Funds for building or improving roads come from state and federal fuel taxes, and those revenues are flat or falling, as drivers facing $4-plus-per-gallon prices are beginning to drive less.
If or when the two-lane portion of U.S. 17 is ever widened, Mica explained, it would be a divided highway, with two northbound lanes and two southbound lanes separated by a median.
In other words, the road would look like other federal highways outside urban core areas, such as U.S. 17-92 between DeLand and Orange City, or U.S. 92 between DeLand and Daytona Beach.
Similarly, the prospects for four-laning the highway north of the Putnam-Volusia County line are cloudy, but some advance work on that project is already under way.
"Right now it is simply a study. They are looking at four-laning it. There is no money in the budget for the construction at this time," said Chris Farkas, a spokesman for the FDOT's District 2.
Nor is there money to buy the required right of way, he said.
The District 2 study focuses on a 5.4-mile segment between the county line and County Road 309 in Putnam, Farkas said. He added the big W may be a catalyst in accelerating the widening of U.S. 17.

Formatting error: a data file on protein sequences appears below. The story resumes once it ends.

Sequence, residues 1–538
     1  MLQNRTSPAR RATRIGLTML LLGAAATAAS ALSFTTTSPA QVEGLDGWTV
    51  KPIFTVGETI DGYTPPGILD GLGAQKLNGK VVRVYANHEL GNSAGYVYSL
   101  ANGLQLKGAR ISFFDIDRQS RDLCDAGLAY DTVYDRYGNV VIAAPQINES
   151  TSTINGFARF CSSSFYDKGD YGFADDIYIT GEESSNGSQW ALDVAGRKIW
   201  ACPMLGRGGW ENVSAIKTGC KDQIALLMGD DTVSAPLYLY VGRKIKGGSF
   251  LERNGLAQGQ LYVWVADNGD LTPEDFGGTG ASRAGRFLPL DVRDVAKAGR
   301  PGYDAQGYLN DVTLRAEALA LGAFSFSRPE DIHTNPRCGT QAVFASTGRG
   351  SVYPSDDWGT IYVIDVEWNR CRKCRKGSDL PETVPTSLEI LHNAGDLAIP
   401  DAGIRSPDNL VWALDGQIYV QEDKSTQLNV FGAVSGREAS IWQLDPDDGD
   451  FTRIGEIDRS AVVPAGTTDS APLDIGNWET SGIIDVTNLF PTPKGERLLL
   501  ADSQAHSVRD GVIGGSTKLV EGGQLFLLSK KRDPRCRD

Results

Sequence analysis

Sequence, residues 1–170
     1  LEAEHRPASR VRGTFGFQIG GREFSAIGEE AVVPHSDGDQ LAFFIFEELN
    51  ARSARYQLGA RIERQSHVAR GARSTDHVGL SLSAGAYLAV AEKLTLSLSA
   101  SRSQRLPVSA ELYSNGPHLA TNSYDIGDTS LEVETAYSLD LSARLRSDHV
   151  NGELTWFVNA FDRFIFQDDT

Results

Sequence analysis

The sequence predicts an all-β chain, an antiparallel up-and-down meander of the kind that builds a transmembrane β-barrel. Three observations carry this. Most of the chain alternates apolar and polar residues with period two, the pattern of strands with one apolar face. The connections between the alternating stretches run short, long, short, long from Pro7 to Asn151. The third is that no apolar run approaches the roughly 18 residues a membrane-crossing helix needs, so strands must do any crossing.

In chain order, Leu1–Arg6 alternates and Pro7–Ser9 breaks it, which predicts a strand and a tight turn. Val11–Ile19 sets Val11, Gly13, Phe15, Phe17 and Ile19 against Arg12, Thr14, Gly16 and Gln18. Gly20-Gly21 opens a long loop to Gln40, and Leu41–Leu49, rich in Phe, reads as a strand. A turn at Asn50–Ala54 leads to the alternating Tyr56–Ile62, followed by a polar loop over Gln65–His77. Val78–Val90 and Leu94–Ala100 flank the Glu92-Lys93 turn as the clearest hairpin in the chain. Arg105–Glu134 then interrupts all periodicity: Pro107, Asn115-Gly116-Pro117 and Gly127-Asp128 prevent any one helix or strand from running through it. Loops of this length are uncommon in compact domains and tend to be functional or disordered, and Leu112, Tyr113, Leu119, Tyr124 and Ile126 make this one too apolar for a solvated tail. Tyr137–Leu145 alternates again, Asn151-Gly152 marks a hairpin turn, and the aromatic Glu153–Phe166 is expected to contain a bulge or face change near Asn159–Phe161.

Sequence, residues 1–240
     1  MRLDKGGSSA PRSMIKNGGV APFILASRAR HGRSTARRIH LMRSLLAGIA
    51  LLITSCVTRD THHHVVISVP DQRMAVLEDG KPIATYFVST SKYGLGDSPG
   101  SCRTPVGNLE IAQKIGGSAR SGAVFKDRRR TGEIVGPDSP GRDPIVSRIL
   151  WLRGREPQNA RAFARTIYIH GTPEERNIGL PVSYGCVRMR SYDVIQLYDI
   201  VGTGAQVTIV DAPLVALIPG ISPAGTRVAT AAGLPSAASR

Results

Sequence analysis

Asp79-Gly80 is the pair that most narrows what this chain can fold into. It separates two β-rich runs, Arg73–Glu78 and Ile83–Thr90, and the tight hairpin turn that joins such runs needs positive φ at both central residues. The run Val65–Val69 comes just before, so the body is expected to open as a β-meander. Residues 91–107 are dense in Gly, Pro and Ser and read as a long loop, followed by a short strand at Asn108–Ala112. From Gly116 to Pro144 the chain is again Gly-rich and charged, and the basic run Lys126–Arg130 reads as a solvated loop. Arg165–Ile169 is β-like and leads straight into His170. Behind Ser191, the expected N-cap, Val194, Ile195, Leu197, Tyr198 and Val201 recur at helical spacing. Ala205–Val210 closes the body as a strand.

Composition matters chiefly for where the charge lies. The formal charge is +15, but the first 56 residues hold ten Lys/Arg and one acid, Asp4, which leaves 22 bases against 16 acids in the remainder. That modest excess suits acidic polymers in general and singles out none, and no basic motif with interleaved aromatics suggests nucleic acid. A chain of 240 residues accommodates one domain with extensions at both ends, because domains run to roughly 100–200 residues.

"Wal-Mart is one of the driving factors, along with the growth in the area," he said.
From country to city?
If the rural stretch of U.S. 17 is four-laned, the area would likely take on more of urban look.
"If we build it, they will come," goes the famous adage. A new, improved and bigger road may draw traffic now using other north-south routes. Increased traffic may mean increased demand for service stations, more restaurants, more taverns, etc.
"It would have a significant impact on the roadway," Volusia County Planning Director Gregg Stubbs said. "You really wouldn't want to do that, to have strip commercial all the way. ... As far as the character changing, it will change the way it looks up there."